Just so you know

All right. I have ideas. I think about stuff. So here is the spot for stuff I'm thinking about and want to be able to share more broadly and possibly promote. Like I have time for this.

Everything is provisional at this point and subject to change in the future - as far as the blog is concerned. In real life some things will remain unchanged.

Also, our children are not really named Lenny and Linus. We are not that cool.

Feel free to share, rant, disagree, but please remember that I'm an actual person who tries to be respectful. I'd love it if you are and do to.

Saturday, March 22, 2014

Getting Kids to Eat Vegetables Or "How My Son Became a Tomato"

This post was originally written last May and posted on my other blog.   I just saw another blog post about the topic the other day though, and it made me think of this.  Lenny is, naturally a little older now and might not actually have a meltdown over being prevented from eating tomatoes.  Maybe.

I was just reading an article online about how to influence your child toward good eating habits.  Most of the tips involved actually exposing children to a variety of good quality produce.  At that exact moment Lenny was eating cherry tomatoes and a tortilla with ham and veggie cream cheese for lunch.  Mostly the tomatoes, though.  The container I bought new yesterday now has three tomatoes in it.  Half the tortilla was gone.  Finally I told him he couldn't eat any more tomatoes.  I snapped the container shut and put it in the fridge.  By the time I got back he was crying uncontrollably.  I explained that if he just eats fruits and veggies and doesn't eat other food he won't grow up to be big and strong.

It's not that he doesn't enjoy some junk food as much as the next kid.  Chocolate ice cream and pizza are at the top of his list.  But last summer when we were getting lots of amazing veggies from our "Community Supported Agriculture" farm he would rate food on whether or not it was "better than pizza."  Potato soup - with a variety of additions or just onions, potatoes, milk and salt - was high on his list. Pretty high on mine too because it was easy and used up some produce we had tons of most of the time.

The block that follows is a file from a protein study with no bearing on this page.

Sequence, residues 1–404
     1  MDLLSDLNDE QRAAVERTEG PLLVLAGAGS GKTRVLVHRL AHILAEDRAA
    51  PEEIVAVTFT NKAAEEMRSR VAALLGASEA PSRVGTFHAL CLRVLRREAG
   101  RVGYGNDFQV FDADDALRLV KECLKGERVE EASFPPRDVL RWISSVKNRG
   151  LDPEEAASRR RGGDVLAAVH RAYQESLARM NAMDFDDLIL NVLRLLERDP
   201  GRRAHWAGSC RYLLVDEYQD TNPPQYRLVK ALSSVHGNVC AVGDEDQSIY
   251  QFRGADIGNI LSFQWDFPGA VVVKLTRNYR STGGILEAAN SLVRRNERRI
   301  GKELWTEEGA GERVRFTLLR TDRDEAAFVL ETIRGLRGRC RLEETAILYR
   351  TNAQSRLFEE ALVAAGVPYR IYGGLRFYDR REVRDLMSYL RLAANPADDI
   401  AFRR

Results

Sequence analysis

Today he was upset because it was cloudy.  I told him that I don't have control over that and he said he wished I was God.  He said then I could make it so that he could have chocolate ice cream and go in the pool every day.  I didn't go into the theology behind that one.  Sometimes you really just have to let an idea ride.

Another idea in the article was to eat healthy as a parent.  I have been accused of being a healthy eater, but I think that it's more a case of being acutely aware of how food affects how I feel and eating accordingly.  When I really started having trouble with fatigue a doctor suggested I do an elimination diet and as a result I stopped eating wheat, corn, soy, non-organic eggs, most nuts and some other odds and ends I'm probably forgetting.  I stick to these "restrictions" pretty religiously because I hate to have migraines and some of the other symptoms that eating the foods above give me.  I also avoid most red meat because I don't like the cramps I get if I eat them.  So I cook a lot of foods from scratch and eat a lot of foods found in the the "health food" section.